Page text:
5 July 2012
Future electronic skin and bio-batteries could be etched onto surfaces with inkjet printers, conducting electricity while looking for all the world like spongy biological tissue. A new electrically conductive hydrogel, developed at Stanford University, can be printed or sprayed as a liquid and turned into a gel once it’s in place.
Hydrogels are semi-solid gummy-bear-like materials, made up of chains of water-avoiding polymer molecules. Their hydrophilic properties make them good analogues for biological tissue, because like living tissue, they are soft, flexible and semi-porous. This new hydrogel is made of organic compounds, including one found in plant tissues, which cross-link into complex networks.
Other conductive hydrogels are made by connecting conductive materials inside a non-conductive, insulating matrix, which reduces the overall material’s ability to carry a current. To improve matters, this new hydrogel has a special ingredient, phytic acid, which is found in plant tissue. Along with inducing the complex crosslinked networks, this acid compound has electrical properties — when it links the polymer chains together, it also gives them a charge. The resulting hydrogel is therefore highly conductive, according to Stanford chemical engineering professor Zhenan Bao, materials science and engineering professor Yi Cui and their graduate students.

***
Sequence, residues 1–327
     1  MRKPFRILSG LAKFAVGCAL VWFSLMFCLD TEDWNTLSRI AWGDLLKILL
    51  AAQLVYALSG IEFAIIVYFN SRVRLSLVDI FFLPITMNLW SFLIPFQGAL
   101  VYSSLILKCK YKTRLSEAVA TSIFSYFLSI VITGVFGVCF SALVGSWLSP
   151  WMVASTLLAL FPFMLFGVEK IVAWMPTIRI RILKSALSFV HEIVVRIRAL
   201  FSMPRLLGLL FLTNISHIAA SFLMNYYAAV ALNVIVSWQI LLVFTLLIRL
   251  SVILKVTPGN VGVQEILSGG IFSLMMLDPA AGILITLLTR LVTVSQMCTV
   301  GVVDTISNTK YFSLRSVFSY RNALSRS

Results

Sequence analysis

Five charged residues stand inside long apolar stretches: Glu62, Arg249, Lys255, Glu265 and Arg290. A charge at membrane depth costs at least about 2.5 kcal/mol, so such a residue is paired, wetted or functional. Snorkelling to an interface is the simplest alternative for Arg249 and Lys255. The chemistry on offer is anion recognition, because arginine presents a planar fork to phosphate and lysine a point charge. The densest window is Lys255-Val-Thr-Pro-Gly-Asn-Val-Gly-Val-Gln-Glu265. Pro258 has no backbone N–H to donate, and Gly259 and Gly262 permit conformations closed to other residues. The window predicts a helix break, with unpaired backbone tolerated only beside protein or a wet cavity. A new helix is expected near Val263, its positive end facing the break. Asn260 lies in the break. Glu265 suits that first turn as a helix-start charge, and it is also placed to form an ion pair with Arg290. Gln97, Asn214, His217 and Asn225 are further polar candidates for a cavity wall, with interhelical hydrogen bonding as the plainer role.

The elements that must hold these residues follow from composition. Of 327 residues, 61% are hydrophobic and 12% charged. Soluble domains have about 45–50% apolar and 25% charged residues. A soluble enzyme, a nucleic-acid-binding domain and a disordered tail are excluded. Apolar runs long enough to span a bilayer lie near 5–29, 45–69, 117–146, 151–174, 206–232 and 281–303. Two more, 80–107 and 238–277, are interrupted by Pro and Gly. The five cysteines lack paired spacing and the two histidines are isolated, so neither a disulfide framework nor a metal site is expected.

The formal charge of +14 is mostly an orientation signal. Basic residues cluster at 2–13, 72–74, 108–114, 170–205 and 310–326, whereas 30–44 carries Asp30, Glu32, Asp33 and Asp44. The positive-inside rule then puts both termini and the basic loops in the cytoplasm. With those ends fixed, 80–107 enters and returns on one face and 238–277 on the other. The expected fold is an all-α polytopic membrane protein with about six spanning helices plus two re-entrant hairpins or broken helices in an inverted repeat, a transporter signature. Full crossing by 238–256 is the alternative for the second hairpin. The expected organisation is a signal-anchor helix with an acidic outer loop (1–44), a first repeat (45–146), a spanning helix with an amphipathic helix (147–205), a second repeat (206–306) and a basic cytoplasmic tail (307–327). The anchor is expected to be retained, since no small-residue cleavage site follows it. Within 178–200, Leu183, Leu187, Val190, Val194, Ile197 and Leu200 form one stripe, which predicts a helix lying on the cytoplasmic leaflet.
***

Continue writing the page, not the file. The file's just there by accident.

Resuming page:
The hydrogel has tiny pores, which can expand the surface covered by the gel. This increases the amount of charge it can hold, according to Stanford News. Like Jell-O, it doesn’t set immediately after it’s made, so it would be simple to print hydrogel structures with 3-D printing techniques. These capabilities would make it a strong contender for biological probes, sensors, and even biofuel cells, the researchers say.
“You can’t print Jell-O,” Cui told Stanford News, “but with this technique, we can print it and make it Jell-O later.”
Research on the new hydrogel appeared in a recent issue of the Proceedings of the National Academy of Sciences.